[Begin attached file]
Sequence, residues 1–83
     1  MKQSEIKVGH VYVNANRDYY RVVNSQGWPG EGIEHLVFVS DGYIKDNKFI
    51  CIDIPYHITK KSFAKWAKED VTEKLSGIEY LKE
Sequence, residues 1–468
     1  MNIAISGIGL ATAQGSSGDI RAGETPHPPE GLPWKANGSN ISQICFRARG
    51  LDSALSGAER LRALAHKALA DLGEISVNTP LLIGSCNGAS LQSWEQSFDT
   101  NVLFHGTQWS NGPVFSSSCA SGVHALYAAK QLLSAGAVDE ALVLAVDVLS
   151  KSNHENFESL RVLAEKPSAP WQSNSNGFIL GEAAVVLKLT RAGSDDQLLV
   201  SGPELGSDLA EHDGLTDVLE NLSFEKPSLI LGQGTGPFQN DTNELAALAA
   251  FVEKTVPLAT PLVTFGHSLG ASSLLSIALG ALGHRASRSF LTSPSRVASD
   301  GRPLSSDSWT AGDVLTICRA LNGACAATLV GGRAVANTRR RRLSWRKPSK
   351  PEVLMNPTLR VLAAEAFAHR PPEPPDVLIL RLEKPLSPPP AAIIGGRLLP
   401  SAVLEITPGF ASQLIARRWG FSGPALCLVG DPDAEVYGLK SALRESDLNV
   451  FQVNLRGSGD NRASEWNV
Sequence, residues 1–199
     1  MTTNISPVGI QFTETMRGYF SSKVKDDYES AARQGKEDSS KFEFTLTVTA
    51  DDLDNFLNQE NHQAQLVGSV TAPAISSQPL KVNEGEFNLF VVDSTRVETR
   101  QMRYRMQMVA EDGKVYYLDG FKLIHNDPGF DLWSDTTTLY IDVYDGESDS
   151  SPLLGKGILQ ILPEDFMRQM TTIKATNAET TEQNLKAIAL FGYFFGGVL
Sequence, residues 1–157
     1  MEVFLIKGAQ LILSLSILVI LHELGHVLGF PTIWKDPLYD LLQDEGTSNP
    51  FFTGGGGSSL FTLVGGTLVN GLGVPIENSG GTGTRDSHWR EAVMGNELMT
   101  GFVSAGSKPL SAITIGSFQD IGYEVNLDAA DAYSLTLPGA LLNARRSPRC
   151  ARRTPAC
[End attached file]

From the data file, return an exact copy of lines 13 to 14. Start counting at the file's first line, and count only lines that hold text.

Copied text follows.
   401  SAVLEITPGF ASQLIARRWG FSGPALCLVG DPDAEVYGLK SALRESDLNV
   451  FQVNLRGSGD NRASEWNV